As the governments of Sahelian and West African countries such as Mali, Burkina Faso, Niger, Chad, Nigeria, Togo and Côte d’Ivoire struggle to implement measures to contain the virus, they are also having to contend with an ever-present and mounting danger of extremist violence that exposes their vulnerability and risk levels. To extremist groups operating in the region, including Al-Qaeda and Islamic State affiliates, the current uncertainty, fear and desperation surrounding states’ responses to the COVID-19 pandemic provides an opportunity to mobilise, influence and sway more supporters, while concurrently presenting an existential threat to their very survival in the immediate and long term.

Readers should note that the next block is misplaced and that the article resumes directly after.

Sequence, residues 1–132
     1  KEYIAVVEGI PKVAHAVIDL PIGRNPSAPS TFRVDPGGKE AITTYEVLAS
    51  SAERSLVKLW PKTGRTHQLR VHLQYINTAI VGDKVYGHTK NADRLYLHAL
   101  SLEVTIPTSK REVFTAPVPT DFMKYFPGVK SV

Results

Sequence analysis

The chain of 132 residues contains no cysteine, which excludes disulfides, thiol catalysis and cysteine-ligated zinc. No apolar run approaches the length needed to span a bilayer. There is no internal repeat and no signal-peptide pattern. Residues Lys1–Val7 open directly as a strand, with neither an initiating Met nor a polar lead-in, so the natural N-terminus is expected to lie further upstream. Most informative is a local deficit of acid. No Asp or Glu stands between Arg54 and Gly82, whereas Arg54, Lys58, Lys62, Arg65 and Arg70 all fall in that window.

Arguably, COVID-19 has changed the way extremist organisations and conflict entrepreneurs go about their business in the sub-region. Already, there are signs dotted all over the region where attempts have been made by terrorist and extremist groups to exploit the pandemic to undermine state authority, destabilise governments and attack both local and international forces. Whereas the data available makes it reasonably impossible to be emphatic about the spike in attacks and an increase in the operational tempo of extremism activities, attacks have remained unabated and relentless throughout the pandemic. Regional jihadists groups such as Boko Haram, Jama’at Nasr al-Islam wal Muslimin, Macina Liberation Front (FLM), the Islamic State in the Greater Sahara (ISGS) and Ansar ul Islam have continued to carry out a number of high-profile attacks in Mali, Burkina Faso and Chad, and March and April 2020 saw sustained attacks from Boko Haram and the Islamic State West Africa Province (ISWAP) in the Lake Chad Basin and the Sahel. Cumulatively, over 100 soldiers from Chad and Côte d’Ivoire have lost their lives. These attacks notwithstanding, the governance structure of these extremist and insurgency groups appear to be uncharacteristically frail. Although unofficial routes remain wide opened, supply lines to these extremist have been cut as a results of the closure of many official borders.